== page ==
I take it you are referring to the section where Achilles discusses the prophecy that his mother, Thetis, made about his life. In this section we see the irony of the life of the famed warrior Achilles. He is renowned for his strength and valour, but according to his mother, he has a choice to make. He can either stay fighting against Troy, which will ensure his death. However, ironically, this death will mean that his "glory will never die." The alternative is to return home, leaving the battle, and have a long life but one that will be ultimately forgotten as his "fame will die" instead of his body. It is ironic that Achilles can only choose between eternal fame or a long life, and cannot have both.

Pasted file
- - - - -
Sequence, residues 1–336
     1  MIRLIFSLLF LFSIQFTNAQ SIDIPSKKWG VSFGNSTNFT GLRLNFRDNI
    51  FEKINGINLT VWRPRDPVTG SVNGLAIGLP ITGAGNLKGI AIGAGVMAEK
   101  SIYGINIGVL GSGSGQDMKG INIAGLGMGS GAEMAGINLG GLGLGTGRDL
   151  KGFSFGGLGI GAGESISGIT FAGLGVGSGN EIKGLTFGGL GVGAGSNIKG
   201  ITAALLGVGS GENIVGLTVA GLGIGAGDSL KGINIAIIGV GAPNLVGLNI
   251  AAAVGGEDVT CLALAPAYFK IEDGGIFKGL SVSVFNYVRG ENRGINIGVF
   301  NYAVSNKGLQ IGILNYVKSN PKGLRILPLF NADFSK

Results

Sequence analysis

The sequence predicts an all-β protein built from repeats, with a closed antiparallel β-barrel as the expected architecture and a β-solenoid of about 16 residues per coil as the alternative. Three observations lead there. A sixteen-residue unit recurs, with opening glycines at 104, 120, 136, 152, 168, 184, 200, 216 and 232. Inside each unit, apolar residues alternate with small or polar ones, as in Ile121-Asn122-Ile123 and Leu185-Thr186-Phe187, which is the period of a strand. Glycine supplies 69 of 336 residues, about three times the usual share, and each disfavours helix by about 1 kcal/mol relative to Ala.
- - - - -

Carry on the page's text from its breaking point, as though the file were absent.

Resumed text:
However, we can also detect another note of irony in his counsel to his fellow soldiers to return home, because of his belief that Zeus will prevent any successful attack:
You’ll not attain your goal,
steep Ilion, because far-seeing Zeus
shields that city with his hand.
Of course, we know that this is not the case and that Zeus will allow Troy to fall and give the Greeks victory.